- Conflicts between natural and sexual selection.
« Last Edit: March 11, 2013, 05:39:21 PM by Eric »

Offline Warren Dew

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Re: Paleofantasy
« Reply #22 on: March 11, 2013, 06:05:19 PM »
My negative Amazon review is catching a lot of flak - to the point where someone tracked down my home phone number to talk to me about it.  I think the book's promotional folks might be unhappy.
« Last Edit: March 11, 2013, 06:21:27 PM by Warren Dew »

Offline Eric

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Re: Paleofantasy
« Reply #23 on: March 11, 2013, 06:34:21 PM »
I was talking to Mark Sisson via email; he's just ordered the book.  It'll be fun to read his scathing review when he's done.

I think I'll avoid paying for a collection of content stolen from me  ;)

Offline paleophil

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Re: Paleofantasy
« Reply #24 on: March 11, 2013, 07:37:51 PM »
"The most persuasive argument Zuk marshals against such views has to do with the potential for relatively rapid evolution" (http://www.salon.com/2013/03/10/paleofantasy_stone_age_delusions)

Note that term--"rapid evolution"--well. Years ago I expected that this would become the primary argument of science-oriented and corporate Paleo critics and it's coming to pass. I even predicted that "rapid evolution" would be the term they would use (http://www.rawpaleodietforum.com/general-discussion/rapid-evolution-counterargument-against-rpd/msg27862/#msg27862). It's the only somewhat-logical argument they can use. It contains a shred of truth (and I knew the example of lactase persistence would be cited ad nauseum, however inconvenient for vegans), which is more than their other arguments contain. What it ignores is that even millions of years of adaptation to a novel food can sometimes not be enough. A fascinating example of this is the giant panda. After many millions of years of eating mostly bamboo, it still does not digest it very well. Nature does not work to ensure that we are optimally adapted to a novel food, and certainly not within the blink of an eye that 10 thousand years represents in evolutionary terms.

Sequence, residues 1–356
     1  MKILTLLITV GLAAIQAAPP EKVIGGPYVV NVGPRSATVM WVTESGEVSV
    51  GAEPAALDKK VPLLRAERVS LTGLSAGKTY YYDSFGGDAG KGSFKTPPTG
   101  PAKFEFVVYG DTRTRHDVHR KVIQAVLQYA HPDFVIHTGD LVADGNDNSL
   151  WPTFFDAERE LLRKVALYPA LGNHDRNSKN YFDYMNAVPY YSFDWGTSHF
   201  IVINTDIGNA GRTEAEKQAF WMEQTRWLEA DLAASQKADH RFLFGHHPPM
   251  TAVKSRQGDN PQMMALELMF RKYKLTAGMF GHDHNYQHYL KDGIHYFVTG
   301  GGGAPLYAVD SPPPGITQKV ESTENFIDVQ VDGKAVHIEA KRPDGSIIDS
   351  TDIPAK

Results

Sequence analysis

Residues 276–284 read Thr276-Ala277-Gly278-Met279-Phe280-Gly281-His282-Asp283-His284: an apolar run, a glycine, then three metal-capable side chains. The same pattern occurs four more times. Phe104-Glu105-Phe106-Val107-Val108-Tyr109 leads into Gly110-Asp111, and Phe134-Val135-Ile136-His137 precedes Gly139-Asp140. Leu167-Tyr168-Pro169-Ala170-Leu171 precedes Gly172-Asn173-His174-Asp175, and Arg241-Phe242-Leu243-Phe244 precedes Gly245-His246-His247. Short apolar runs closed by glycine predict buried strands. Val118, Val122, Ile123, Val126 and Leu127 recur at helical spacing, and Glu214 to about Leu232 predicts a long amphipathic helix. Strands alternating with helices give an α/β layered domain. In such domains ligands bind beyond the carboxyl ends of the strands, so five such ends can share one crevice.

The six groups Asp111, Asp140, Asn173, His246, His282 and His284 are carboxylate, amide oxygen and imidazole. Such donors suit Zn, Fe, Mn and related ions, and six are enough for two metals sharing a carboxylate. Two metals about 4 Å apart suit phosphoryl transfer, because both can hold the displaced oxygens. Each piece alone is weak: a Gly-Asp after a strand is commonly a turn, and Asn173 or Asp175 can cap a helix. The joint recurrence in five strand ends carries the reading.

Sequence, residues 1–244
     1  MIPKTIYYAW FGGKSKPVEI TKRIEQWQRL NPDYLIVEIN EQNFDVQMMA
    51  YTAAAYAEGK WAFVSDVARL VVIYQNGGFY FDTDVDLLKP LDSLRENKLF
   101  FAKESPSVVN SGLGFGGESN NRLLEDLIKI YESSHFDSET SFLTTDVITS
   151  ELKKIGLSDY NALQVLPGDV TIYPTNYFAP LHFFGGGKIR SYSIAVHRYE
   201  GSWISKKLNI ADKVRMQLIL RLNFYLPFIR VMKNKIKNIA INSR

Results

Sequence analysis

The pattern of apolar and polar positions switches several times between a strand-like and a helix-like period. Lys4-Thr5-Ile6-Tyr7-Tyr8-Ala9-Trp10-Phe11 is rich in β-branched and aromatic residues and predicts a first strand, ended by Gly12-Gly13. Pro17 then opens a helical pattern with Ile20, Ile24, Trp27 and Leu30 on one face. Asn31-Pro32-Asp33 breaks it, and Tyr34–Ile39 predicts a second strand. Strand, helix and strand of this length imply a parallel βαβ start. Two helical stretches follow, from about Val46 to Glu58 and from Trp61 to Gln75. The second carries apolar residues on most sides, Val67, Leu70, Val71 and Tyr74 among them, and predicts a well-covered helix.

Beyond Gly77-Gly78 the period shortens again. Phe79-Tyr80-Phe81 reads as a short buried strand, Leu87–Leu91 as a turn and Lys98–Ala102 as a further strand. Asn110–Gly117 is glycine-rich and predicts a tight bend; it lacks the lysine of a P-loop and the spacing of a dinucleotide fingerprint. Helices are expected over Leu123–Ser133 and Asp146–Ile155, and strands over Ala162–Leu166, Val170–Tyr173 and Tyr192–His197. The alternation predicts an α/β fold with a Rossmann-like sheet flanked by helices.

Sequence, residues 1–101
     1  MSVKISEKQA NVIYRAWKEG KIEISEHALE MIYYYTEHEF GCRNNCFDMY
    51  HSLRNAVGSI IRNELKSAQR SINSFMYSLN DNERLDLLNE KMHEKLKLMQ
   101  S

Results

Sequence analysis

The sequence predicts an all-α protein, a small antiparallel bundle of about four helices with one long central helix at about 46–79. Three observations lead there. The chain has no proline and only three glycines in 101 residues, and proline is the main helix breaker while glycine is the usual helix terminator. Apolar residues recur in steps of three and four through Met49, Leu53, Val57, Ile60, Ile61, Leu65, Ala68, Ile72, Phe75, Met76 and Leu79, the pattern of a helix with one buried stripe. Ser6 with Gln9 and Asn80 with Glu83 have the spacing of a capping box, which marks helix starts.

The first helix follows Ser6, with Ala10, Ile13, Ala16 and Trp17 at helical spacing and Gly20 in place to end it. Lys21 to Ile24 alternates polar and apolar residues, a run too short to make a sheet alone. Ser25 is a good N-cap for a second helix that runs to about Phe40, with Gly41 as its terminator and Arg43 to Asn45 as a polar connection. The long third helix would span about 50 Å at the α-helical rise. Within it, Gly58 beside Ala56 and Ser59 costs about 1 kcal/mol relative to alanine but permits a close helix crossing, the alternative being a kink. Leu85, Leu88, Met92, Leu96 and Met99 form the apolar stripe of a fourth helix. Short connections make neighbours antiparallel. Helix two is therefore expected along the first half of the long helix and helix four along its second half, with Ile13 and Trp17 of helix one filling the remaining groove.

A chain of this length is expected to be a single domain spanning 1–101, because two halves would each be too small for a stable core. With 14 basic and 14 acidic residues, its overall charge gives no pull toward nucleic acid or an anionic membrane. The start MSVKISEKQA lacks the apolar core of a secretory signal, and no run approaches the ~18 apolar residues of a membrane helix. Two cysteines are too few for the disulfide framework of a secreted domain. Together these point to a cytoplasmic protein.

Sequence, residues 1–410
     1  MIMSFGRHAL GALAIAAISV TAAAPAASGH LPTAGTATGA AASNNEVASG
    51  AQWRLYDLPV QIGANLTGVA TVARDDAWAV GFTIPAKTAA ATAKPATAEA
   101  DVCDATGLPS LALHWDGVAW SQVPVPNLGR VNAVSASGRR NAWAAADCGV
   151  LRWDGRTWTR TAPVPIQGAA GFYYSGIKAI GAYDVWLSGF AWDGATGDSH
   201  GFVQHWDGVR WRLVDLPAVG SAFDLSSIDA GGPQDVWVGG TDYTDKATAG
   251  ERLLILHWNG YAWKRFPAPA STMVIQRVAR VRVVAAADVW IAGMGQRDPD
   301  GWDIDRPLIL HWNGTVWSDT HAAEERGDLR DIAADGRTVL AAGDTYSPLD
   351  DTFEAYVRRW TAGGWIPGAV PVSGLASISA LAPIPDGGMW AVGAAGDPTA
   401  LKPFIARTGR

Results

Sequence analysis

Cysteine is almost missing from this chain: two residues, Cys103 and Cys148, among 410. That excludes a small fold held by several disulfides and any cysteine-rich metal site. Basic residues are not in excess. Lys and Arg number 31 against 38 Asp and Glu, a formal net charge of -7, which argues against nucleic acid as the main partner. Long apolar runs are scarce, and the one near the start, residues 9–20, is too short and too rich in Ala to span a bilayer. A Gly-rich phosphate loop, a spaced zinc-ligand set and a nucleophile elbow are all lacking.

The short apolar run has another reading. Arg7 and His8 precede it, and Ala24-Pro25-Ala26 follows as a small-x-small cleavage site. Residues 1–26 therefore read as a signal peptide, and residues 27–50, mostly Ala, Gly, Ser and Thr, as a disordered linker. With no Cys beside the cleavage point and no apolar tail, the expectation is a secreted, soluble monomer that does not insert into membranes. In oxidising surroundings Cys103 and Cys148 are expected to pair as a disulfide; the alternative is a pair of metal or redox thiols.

Most of us who eat "Paleo" will likely eventually be confronted with the "rapid evolution" argument.
« Last Edit: March 11, 2013, 07:47:06 PM by paleophil »

Offline samjohn

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Re: Paleofantasy
« Reply #25 on: March 11, 2013, 07:45:11 PM »
I don't know why there seems to be such a widespread hard on for proving the Paleo diet wrong, despite interventional studies invariably showing an immediate and substantial benefit to health. No reliance needed on evolutionary theories, interventional studies show this way of eating is healthy.

http://www.salon.com/2013/03/10/paleofantasy_stone_age_delusions/

In the article above there seems to be a complete ignorance of the idea of different levels of evolutionary pressure. With the grasshoppers example, the evolutionary pressure to be silent would be very strong, because if one was not silent, one would get eaten, quite possibly before breeding.

The evolutionary pressure to be able to eat grains without causing health issues would not be all that strong as the health problems caused tend to be cumulative, starting off quite mild but increasing as time goes on to be felt in full force later on in life, past the age at which one would usually have had children.